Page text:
Wednesday, February 15, 2012
Specialist in Agricultural Policy
The 111th Congress passed comprehensive food safety legislation in December 2010 (FDA Food Safety Modernization Act (FSMA), P.L. 111-353). FSMA greatly expanded food safety oversight authority at the Food and Drug Administration (FDA), within the U.S. Department of Health and Human Services (HHS). FSMA does not apply to the federal food safety system as a whole, and did not alter oversight authorities within other federal agencies responsible for food safety, such as the U.S. Department of Agriculture (USDA).
Although numerous agencies share responsibility for regulating food safety, FSMA focused on FDA-regulated foods and amended FDA’s existing structure and authorities, in particular the Federal Food, Drug, and Cosmetic Act (FFDCA; 21 U.S.C. §§301 et seq.). Among its many provisions, FSMA expands FDA’s authority to conduct a mandatory recall of contaminated food products, enhances surveillance systems for foodborne illness outbreaks, establishes preventive controls at some food processing facilities and farms, enhances FDA’s traceability capacity within the nation’s food distribution channels, increases the number of FDA inspections at domestic and foreign food facilities, and expands FDA’s authority and oversight of foreign companies that supply food imports to the United States. Since the law was signed in January 2011, FDA has been actively engaged in developing new regulations to implement FSMA.
The 112th Congress may provide oversight over how the law is implemented, including FDA’s coordination with other federal agencies, such as those in USDA and the Department of Homeland Security (DHS). Implementation of the law will depend largely on the availability of discretionary appropriations, and some have questioned whether additional funding is available in the current budgetary climate.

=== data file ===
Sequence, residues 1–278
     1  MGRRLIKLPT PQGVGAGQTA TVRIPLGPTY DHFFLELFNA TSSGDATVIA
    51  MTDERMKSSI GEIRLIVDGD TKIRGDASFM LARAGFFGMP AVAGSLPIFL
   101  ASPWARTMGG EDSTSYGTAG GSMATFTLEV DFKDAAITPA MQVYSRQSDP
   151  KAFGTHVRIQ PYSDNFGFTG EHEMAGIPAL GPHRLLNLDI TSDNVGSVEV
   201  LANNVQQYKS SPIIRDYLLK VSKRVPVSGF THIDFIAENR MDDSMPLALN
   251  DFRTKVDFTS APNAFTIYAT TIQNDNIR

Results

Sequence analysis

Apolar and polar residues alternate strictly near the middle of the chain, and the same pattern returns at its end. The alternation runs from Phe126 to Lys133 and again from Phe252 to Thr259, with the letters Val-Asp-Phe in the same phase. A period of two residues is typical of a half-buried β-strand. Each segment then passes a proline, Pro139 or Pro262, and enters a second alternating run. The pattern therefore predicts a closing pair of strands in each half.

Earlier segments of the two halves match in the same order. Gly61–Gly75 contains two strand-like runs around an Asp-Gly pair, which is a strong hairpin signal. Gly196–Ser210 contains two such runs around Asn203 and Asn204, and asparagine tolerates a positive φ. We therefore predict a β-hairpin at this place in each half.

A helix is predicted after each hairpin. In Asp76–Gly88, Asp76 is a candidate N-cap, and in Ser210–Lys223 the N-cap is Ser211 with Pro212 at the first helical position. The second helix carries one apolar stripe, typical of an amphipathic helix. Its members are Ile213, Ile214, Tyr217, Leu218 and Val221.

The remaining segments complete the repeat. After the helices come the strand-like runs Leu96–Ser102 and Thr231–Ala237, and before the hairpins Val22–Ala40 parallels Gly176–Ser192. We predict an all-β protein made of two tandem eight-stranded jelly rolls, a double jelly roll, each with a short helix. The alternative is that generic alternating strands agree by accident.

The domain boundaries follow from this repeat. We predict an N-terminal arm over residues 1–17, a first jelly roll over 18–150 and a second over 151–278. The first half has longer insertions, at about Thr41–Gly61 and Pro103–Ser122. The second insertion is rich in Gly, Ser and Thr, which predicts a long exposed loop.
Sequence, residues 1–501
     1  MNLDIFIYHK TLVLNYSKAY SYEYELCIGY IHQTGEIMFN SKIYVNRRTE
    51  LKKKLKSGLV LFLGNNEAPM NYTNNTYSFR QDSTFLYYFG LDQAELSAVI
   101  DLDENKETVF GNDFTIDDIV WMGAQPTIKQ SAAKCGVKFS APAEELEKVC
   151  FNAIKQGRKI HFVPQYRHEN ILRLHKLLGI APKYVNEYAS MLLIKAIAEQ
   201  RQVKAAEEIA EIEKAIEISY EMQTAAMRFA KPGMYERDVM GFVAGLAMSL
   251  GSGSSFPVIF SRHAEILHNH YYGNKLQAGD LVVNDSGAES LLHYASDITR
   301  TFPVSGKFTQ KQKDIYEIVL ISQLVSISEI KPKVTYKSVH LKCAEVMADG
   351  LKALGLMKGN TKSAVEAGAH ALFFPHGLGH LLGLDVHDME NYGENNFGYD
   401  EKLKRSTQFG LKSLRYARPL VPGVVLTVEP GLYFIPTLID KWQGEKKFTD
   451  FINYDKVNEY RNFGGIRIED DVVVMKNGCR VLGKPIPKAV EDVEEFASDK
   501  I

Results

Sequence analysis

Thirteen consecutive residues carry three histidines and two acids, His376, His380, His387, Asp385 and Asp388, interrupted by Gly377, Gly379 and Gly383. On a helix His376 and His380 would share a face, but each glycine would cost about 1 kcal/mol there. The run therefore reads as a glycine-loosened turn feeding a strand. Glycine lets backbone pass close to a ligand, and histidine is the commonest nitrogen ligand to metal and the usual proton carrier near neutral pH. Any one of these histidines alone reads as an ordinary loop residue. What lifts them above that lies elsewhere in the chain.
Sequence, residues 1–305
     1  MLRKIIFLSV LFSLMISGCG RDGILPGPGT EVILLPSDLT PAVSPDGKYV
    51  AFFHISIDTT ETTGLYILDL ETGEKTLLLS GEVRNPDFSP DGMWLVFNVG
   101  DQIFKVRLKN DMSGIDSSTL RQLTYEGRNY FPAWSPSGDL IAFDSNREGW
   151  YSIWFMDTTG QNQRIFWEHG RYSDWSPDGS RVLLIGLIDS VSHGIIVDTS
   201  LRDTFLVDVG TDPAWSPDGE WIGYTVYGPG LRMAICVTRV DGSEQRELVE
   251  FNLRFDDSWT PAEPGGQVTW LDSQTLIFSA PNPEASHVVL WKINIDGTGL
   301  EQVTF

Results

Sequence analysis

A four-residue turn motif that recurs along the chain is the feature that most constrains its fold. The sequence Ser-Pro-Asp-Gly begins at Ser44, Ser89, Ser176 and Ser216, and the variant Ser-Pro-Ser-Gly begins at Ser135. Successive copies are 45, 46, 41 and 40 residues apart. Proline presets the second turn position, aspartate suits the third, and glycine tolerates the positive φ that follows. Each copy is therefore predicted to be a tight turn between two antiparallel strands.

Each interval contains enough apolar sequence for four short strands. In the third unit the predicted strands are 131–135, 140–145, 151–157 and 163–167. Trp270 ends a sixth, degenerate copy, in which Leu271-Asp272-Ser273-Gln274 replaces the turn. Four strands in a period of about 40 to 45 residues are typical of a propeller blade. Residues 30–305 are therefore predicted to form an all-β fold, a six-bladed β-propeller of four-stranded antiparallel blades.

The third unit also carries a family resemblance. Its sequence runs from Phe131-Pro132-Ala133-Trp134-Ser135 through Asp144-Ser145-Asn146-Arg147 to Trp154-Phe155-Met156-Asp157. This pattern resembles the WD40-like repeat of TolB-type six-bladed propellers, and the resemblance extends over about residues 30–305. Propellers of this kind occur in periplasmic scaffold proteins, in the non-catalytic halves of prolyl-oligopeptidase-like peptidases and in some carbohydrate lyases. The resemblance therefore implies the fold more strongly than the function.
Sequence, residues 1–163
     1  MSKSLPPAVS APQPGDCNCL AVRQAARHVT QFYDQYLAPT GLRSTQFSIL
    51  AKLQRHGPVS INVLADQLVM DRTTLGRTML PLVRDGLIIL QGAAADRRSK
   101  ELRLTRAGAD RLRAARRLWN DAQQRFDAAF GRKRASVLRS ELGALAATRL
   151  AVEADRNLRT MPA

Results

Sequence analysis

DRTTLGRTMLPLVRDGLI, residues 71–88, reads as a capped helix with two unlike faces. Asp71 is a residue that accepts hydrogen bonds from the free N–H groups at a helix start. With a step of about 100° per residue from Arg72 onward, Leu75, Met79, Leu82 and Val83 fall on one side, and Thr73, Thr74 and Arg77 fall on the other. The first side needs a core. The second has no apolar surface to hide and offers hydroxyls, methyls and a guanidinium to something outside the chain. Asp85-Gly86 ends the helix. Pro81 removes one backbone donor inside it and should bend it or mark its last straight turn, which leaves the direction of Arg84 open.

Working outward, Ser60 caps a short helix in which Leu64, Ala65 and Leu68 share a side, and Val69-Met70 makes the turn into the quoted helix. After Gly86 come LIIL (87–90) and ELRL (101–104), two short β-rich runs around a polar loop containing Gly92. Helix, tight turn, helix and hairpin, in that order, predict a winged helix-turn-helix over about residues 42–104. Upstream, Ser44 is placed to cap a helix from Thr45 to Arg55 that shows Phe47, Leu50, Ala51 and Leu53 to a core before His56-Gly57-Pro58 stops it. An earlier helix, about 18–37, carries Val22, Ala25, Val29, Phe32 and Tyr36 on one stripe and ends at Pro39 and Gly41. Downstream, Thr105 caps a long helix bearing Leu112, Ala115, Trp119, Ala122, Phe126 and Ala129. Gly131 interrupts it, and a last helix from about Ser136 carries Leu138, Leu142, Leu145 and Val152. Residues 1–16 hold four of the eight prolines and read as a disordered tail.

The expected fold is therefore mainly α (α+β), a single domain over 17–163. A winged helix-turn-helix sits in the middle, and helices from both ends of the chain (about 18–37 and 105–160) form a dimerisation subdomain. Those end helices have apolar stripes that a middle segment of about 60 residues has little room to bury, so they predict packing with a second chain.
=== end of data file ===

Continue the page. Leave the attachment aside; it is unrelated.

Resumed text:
In addition, the 112th Congress may continue to consider changes to other food safety laws and policies that are being actively debated in Congress. Among these are food safety initiatives covering meat, poultry, and seafood products; legislation intended to curtail the non-medical use of antibiotics in animal feeds and to ban the use of certain plastic components commonly used in food containers; food labeling; and the use of plant and animal biotechnology. Several of these issues were actively debated in the 111th Congress during the food safety debate leading up to passage of the FSMA. Several bills debated in the 110th and 111th Congress have been reintroduced.
Some in Congress also may continue to push for additional policy reforms to existing FDA or USDA food safety laws to address other perceived concerns about the safety of the U.S. food supply, including concerns about the adequacy of resources and regulatory tools to combat foodborne illness, as well as concerns about coordination and organization among federal agencies.
Date of Report: January 9, 2012
Number of Pages: 16
Order Number: R41629
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